Australia’s personal services
Personal services are those consumed mainly by individuals and households. They include services in tourism, hotels and restaurants, recreation, entertainment, and personal services such as hair and beauty treatments [ASS00]. Also included are domestic or personal robots that people purchase and use in their own homes to provide personal services.
The personal services sector is worth a total of $AU83 billion to the Australian economy (5 per cent of GDP), employs 1.7 million people, and contributes strongly to Australia’s total services exports [ABS18]. The personal services sector is expected to grow, due to increased outsourcing of household services by cash-rich and time-poor households [ASS00]. Households are increasingly applying their own robotic solutions to solve personal chores such as lawn mowing, pool, and floor cleaning. In 2015-2016, personal travel, worth $AU16.5 billion, was Australia’s second largest services export after education, growing 16.9 per cent per year [AIR16]. Tourism set new records, with 7.7 million tourists visiting Australia in the twelve months to March 2016, and values for tourism-related services growing by 11.2 per cent in 2015–16 to $AU43.6 billion [AIR16]. This suggests that Australia has remained an attractive destination for international tourists, likely supported by a lower Australian dollar.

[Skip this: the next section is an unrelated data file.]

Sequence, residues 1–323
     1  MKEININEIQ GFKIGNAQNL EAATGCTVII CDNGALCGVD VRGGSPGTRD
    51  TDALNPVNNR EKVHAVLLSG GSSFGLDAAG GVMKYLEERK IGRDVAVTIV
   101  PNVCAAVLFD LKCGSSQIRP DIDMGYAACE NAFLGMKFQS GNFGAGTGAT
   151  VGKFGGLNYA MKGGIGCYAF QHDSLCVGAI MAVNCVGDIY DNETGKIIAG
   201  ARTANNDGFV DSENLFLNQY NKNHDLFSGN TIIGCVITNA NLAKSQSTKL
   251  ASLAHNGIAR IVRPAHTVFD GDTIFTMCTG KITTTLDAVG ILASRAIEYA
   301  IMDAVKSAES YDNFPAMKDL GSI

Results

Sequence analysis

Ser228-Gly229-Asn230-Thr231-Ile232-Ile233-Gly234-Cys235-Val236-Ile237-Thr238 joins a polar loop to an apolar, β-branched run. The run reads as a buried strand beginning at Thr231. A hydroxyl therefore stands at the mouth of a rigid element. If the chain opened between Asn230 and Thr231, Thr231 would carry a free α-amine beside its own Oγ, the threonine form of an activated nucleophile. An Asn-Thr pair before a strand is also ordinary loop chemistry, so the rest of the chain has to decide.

The incidence of part-time work is highest in personal services. In 2000-01, part-time work accounted for almost 40 per cent of the workforce [ASS00]. The workforce is generally low skilled and paid 90 per cent below average services sector wages. Low skilled work tends to be the easiest to automate, so robotics could potentially have a large impact on the workforce, taking away mundane work and leading to upskilling of the sector. Employment in this group grew at more than double the national average rate and contributed to 20 per cent of Australia’s new jobs [ASS00]. Accommodation and food services has the highest proportion of workers aged 15-24 years (43 per cent), almost three times higher than the rest of the Australian workforce [SWA18].